ROTTEN HILL GANG’S MAL HALLETT & HIS DESERT ISLAND ALBUM

TAKING only one album to a desert Island would be like asking me which ear I want to listen to it with. It’s a virtually impossible task. And my choice will be different with each rising sun.

But because this is for Bradders, I am happy give you my February 2022 choice.

And it’s ‘Young Americans,’ by David Bowie.

It came out in the spring of 1975 and takes me right back to my middle teenage years, the possibilities and excitement of a life to come, the discovery of sex and drugs.

I had just started playing the drums in a band and had heard that Bowie was recording in Philadelphia with some soul musicians. That was always the great thing about Bowie, through him I discovered the amazing talents of Denis Davis and Andy Newmark (Sly Stones drummer) Mike Garson, David Sanborn, Earl Slick, Willie Weeks, Ava Cherry and Luther Vandross.

The album kicks in with the title track which just blew me away, his voice on this record seems filtered through James Brown and the black artists of Stax and Motown. The cocaine fuelled lyrics kinda don’t make any sense but paint wonderful pictures. I believe the middle eight/end section is the first time I heard anything approaching rapping.

Then into the gorgeous melody of ‘Win,’ with its stunning strings and reverb sax. ‘Fascination’ is a co-write with Luther Vandross and I’m a sucker for the wah-wah and tremolo sound of the guitars, Wurlitzer piano and the beautiful backing vocals.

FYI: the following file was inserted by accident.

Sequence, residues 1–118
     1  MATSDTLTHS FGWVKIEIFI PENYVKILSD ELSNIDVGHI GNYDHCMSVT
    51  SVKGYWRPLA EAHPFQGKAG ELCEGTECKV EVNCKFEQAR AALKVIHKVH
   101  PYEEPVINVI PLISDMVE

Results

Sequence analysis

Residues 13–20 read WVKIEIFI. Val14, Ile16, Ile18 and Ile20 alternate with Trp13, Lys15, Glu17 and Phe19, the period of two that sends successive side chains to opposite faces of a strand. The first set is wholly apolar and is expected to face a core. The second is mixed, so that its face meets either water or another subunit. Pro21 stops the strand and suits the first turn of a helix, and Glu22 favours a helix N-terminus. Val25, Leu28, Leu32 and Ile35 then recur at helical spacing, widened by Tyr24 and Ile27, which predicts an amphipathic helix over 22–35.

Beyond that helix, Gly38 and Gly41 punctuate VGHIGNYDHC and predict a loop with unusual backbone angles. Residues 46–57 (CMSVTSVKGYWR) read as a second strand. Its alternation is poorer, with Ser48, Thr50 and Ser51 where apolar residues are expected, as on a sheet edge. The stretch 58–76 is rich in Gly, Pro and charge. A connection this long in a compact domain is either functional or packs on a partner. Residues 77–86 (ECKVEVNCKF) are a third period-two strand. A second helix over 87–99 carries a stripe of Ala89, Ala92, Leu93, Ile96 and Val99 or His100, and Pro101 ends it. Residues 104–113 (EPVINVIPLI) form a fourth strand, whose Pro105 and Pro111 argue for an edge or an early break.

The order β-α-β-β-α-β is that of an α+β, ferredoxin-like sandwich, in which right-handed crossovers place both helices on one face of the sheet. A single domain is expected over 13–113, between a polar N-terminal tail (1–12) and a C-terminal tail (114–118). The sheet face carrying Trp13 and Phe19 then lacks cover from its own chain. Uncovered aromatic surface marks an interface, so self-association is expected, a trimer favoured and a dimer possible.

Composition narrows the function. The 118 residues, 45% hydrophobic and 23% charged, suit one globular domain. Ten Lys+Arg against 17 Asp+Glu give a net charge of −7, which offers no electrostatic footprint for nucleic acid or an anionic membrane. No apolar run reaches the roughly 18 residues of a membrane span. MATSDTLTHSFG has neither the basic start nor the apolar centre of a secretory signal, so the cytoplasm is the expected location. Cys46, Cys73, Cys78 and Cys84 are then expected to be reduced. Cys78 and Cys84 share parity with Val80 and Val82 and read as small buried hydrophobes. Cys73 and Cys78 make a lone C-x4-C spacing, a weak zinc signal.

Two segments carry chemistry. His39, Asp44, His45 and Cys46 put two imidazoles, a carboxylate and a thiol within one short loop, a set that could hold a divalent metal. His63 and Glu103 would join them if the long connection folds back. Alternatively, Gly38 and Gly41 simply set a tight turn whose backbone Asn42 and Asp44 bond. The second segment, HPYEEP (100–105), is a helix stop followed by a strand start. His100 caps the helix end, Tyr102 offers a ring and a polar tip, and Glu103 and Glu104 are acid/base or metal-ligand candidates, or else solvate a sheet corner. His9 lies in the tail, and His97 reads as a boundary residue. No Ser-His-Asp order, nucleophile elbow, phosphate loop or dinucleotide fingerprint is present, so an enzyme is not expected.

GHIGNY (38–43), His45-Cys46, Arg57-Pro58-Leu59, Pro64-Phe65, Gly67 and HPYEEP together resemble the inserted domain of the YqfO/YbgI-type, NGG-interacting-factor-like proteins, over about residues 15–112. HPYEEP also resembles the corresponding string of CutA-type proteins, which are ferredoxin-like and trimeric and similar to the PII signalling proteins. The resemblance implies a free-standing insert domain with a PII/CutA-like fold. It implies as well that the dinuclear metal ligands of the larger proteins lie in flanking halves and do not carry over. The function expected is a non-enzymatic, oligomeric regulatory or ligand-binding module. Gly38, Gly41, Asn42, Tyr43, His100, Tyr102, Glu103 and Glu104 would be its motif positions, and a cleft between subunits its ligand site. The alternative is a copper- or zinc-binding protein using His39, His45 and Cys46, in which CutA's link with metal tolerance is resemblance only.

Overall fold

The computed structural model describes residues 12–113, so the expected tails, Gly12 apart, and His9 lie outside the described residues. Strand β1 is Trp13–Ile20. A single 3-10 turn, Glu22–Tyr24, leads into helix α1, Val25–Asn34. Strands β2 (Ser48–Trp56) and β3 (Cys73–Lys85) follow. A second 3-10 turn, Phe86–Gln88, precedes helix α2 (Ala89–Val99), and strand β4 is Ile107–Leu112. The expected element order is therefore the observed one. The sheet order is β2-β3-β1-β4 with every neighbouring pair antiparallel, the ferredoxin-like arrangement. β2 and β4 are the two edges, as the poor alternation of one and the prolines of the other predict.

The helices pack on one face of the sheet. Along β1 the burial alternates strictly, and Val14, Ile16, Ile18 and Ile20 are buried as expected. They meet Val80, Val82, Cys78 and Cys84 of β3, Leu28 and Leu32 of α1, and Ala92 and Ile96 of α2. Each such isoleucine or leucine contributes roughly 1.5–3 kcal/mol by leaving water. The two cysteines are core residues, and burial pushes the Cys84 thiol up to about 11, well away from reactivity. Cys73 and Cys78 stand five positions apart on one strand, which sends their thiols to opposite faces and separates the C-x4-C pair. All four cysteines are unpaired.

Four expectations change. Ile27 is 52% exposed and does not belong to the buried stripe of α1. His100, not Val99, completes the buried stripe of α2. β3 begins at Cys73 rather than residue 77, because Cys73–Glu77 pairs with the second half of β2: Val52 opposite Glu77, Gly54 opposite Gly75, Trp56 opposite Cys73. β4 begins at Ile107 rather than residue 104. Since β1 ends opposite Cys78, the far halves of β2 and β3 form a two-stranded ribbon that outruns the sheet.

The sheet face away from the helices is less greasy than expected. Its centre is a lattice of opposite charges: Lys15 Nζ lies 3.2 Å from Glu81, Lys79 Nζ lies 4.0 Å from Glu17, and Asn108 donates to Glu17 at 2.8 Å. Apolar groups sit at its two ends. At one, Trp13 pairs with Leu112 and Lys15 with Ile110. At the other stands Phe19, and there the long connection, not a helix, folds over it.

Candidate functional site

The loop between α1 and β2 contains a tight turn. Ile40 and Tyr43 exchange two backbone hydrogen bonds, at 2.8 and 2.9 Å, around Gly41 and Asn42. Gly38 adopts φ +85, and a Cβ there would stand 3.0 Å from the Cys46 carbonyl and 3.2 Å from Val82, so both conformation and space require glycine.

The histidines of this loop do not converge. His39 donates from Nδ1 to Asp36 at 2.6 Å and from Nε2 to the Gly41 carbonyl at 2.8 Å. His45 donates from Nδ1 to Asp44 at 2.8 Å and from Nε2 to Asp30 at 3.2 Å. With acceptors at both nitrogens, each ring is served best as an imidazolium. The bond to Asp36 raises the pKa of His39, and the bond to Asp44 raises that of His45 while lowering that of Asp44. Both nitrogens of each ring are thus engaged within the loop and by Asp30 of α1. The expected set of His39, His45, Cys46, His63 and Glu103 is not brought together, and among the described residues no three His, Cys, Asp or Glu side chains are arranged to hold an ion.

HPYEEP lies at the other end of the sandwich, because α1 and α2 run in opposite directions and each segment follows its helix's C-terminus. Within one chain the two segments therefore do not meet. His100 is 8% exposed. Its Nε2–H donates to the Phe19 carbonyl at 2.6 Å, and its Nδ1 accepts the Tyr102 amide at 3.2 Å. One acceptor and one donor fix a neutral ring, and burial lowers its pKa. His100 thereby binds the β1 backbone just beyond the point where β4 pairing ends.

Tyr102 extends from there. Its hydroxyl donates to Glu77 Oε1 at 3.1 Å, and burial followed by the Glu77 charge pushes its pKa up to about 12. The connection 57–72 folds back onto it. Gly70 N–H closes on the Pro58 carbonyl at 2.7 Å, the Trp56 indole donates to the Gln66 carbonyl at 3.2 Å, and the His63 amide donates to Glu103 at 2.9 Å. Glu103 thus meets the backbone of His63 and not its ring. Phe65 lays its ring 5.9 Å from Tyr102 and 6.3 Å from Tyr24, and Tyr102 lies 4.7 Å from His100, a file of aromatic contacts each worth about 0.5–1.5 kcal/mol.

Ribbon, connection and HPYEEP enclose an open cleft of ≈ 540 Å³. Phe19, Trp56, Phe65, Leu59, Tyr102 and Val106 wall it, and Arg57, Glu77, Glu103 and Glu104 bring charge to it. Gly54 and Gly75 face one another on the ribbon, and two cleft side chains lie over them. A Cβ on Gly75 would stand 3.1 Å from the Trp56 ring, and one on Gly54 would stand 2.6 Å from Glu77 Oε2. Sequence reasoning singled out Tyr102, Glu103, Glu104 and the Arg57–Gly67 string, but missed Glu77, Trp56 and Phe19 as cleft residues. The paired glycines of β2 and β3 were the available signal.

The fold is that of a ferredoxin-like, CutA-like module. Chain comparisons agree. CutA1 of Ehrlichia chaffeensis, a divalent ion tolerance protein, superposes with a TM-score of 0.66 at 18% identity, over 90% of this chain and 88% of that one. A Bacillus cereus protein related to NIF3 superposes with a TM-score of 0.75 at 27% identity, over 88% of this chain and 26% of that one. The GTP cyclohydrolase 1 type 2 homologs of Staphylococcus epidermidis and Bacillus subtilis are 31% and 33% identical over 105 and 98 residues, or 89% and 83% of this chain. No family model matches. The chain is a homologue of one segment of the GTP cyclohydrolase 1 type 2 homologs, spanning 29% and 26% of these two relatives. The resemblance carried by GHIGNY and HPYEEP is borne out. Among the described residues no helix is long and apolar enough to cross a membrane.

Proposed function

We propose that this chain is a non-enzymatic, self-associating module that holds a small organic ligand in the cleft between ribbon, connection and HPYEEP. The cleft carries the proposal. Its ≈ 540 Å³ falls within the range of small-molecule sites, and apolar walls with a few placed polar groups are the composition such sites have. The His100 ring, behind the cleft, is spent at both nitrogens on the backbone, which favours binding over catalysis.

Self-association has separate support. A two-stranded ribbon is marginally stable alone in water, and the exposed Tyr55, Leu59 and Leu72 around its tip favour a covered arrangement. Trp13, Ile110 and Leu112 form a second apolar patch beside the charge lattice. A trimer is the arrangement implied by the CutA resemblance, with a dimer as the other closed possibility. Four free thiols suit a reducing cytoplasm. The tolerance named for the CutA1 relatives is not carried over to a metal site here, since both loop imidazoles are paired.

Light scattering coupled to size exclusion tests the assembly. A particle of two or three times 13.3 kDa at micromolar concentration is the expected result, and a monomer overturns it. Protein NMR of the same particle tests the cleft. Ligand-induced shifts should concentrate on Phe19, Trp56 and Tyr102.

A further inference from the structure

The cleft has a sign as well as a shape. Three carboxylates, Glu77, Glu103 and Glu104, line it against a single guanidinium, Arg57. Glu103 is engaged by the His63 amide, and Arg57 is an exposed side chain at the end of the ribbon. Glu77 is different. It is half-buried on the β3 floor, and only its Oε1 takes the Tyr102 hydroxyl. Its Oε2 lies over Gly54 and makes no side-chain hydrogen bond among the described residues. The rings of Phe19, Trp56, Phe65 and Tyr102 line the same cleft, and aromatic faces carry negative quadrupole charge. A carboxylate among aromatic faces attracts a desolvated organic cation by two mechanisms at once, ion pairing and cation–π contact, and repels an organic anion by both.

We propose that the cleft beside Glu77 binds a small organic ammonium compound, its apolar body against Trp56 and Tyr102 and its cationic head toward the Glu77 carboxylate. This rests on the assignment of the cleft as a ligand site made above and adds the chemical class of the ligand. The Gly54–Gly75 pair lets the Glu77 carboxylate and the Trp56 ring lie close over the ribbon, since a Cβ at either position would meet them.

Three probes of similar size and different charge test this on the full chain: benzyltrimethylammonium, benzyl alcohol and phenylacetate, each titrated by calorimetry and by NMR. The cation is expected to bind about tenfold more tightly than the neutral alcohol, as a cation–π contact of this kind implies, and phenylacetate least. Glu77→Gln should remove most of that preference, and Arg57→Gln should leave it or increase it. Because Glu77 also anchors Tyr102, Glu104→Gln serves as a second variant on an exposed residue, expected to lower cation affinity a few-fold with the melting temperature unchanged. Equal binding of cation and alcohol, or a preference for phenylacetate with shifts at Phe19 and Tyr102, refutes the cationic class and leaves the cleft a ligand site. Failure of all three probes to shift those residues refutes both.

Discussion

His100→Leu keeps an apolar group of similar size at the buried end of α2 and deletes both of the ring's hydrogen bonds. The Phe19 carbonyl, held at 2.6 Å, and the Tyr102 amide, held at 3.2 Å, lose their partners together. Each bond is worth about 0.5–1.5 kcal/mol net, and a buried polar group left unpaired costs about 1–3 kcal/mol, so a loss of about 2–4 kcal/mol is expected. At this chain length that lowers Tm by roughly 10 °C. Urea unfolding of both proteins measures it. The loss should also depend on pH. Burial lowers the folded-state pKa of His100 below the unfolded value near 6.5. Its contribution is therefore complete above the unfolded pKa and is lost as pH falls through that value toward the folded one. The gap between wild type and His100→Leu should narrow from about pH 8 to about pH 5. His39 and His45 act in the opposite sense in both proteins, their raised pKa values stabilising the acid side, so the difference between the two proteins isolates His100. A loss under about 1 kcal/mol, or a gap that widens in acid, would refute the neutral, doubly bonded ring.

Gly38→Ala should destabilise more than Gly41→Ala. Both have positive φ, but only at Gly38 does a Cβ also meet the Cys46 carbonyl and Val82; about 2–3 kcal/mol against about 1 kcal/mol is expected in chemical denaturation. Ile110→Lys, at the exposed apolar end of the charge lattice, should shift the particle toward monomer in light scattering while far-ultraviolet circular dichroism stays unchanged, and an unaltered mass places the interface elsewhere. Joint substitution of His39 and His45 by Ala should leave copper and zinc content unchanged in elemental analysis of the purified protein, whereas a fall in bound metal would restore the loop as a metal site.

Side one ends with ‘Right,’ which has the loveliest little drum fill that drove me to distraction as I wore out my stylus trying to learn it. It’s simple but is pure feel. The backing vocal arrangement is also insane. Twenty minutes of heaven.

Side two starts with ‘Somebody Up There Likes Me,’ with its cheap Philadelphia string machine sound, mixed with the gorgeous Mike Garson piano, a sound that will always remind me of a dear friend who passed away fairly recently. So will always have a safe place in my heart.

I would skip ‘Across the Universe’ as I think it’s a dreadful version with Bowie taking a little too much cocaine and kinda showing off with his vocal performance. He was probably trying to impress John Lennon. I think he probably depressed Lennon. I was lucky enough to work with Tony Visconti the producer in the 1980’s and he told us a few stories which can’t be repeated but it’s another evocative memory of that time.

That leads me into ‘Can You Hear Me,’ which has a beautiful Visconti string arrangement with Bowie channelling his Al Green. It’s a beautiful love song purportedly written for Ava Cherry who he was having an affair with during the album. This song is so perfect for practicing your harmonies to.

The final track is ‘Fame,’ which I think was Bowies only number one record in the USA.

A great James Brown funk riff from Carlos Alomar, a co-writer with Bowie and Lennon. Written about the downs of stardom, it’s a wonderful dance record with backward piano chords and groove from an incredible mix of amazingly talented musicians.

There you have it. Forty minutes of superb writing, singing, and playing – and if you’re on that desert island by yourself, you can always take the album sleeve out and have a quick **** to the beautiful photograph on the cover.

MAL ONLINE: Masterpeace (Songs For Our Kid After I’m Gone) | Mal (bandcamp.com)

Leave a Reply

Your email address will not be published.